Venezuelan President Nicolás Maduro announced last week the official release date of the country’s experimental ‘cryptocurrency,’ the Petro.
Is it a complete farce, or will the digital currency be able to pull Venezuela out of its economic downward spiral?
‘¡Bienvenido El Petro!’
In a tweet made on October 3, Venezuelan president Nicolas Maduro announced that its controversial state-backed ‘cryptocurrency’ was set to be finally released on November 5 of this year.
The Petro was created to help pull Venezuela out of a severe economic collapse stemming from years of steep hyperinflation of its national currency, the bolivar, and mismanagement of the country’s natural reserves of oil. Venezuela had a recorded 297 billion barrels of oil in reserve in 2014.
Petro’s white paper claims its purpose is to be “…an instrument to consolidate Venezuela’s economic stability and financial independence, coupled with an ambitious and global vision for the creation of a freer, more balanced and fairer international financial system.”
Much skepticism revolves around the coin’s use-case and model, as there is very little information about it. Petro claims to be backed by the Venezuelan oil reserves and other natural resources. Most citizens have little faith in the government’s claims and abilities and see the Petro as just another means for corrupt government officials to rake in more money for themselves.
¡Bienvenido El Petro! Llegó para fortalecer el Programa de Recuperación Económica y a revolucionar la criptoeconomía mundial como nueva forma de intercambio comercial, financiero y monetario. pic.twitter.com/2uERu523Ku
— Nicolás Maduro (@NicolasMaduro) October 2, 2018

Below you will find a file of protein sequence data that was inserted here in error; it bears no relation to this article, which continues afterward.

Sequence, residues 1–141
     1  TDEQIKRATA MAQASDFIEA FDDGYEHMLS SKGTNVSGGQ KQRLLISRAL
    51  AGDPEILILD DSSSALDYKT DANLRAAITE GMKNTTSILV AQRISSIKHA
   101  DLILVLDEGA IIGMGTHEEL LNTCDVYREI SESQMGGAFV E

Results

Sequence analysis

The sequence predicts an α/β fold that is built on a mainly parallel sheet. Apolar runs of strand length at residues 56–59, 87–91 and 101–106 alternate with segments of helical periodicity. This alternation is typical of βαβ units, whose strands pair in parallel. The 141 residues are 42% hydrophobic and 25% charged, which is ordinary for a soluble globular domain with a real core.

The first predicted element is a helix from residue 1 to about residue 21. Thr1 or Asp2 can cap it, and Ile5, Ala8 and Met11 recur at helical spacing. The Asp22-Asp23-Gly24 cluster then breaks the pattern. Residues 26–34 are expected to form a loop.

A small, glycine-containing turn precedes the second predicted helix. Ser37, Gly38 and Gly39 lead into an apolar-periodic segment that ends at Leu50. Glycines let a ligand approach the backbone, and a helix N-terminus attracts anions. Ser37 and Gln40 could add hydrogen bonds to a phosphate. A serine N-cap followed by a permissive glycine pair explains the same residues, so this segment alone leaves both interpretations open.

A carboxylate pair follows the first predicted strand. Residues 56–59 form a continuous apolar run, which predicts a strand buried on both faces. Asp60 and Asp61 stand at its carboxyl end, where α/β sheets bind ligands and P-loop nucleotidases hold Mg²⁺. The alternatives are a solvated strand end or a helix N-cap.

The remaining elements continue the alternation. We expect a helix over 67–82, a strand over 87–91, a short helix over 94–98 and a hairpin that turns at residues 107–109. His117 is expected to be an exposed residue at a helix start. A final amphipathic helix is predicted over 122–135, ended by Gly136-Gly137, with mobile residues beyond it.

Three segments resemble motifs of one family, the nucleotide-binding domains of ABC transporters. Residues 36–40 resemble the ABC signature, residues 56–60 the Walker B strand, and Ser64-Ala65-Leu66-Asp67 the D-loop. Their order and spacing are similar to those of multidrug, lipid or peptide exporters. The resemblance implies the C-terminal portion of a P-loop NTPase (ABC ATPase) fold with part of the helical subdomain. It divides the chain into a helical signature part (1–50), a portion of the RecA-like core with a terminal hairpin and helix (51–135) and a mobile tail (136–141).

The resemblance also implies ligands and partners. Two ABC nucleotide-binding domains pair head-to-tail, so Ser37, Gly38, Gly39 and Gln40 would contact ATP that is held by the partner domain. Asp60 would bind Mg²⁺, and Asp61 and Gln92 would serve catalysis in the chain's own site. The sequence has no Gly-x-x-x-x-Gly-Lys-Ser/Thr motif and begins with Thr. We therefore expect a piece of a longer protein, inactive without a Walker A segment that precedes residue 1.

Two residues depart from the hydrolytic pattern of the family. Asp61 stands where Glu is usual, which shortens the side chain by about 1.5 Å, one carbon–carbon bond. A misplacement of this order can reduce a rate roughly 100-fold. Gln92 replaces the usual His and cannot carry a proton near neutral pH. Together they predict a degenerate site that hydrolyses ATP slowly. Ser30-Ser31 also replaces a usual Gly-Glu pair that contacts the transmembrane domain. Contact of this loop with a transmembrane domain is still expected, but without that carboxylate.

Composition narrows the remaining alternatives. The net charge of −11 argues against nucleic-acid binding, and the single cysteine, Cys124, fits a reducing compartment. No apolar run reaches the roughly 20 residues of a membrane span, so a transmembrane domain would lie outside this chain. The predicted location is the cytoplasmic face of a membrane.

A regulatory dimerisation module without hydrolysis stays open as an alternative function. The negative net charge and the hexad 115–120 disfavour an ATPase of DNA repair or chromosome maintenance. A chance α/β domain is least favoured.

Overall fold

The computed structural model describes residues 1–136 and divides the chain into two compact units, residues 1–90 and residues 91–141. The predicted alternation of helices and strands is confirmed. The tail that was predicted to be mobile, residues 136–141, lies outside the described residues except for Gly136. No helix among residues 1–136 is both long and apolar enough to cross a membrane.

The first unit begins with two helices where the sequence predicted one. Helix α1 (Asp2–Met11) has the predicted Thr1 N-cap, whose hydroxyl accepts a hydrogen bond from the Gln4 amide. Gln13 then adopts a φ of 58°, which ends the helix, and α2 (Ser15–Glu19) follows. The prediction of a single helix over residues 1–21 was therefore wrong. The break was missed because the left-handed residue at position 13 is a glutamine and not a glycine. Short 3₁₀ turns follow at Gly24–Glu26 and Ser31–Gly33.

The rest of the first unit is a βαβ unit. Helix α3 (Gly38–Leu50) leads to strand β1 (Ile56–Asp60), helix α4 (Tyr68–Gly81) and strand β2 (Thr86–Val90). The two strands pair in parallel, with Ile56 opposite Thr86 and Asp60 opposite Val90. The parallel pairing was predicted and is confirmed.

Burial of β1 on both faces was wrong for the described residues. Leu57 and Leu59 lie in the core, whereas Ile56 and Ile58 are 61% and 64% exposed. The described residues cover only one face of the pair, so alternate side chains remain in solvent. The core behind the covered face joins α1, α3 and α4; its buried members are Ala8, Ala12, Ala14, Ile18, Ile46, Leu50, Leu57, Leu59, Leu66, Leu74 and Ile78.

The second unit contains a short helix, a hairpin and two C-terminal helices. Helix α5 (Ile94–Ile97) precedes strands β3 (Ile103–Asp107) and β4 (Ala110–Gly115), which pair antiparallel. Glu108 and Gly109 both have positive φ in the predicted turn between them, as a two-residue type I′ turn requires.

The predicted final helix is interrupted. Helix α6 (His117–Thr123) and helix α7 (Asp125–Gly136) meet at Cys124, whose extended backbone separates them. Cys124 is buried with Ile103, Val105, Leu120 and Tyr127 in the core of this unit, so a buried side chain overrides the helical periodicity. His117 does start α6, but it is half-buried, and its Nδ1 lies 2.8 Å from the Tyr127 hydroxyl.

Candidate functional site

Petros For Passports
It seems the Venezuelan government is not wasting any time in finding ways to implement and the force the petro cryptocurrency down the throats of its citizens.
According to data from the United Nations, around 5,000 people leave Venezuela every day in order to escape the economic hardships there.
The country’s national currency, the bolivar, has lost more than 45,000 percent of its value against the US dollar in this year alone — leaving no doubt as to why people are looking for a way out.
The government, however, is tightening its fist and making it harder for citizens to actually leave the country legally.
According to Venezuelan vice-president Delcy Rodriguez, in an article posted by the South China Morning Post, ‘New Venezuelan passports will cost two Petros — which is equivalent to 7,200 bolívars (US$115), or four times the national monthly minimum wage.’
Do you think the Petro is a legitimate and clever use-case for a cryptocurrency or just a next-gen scam using cryptocurrency’s popularity to make a quick buck? Let us know your thoughts in the comments below!
Images courtesy of Shutterstock, Twitter.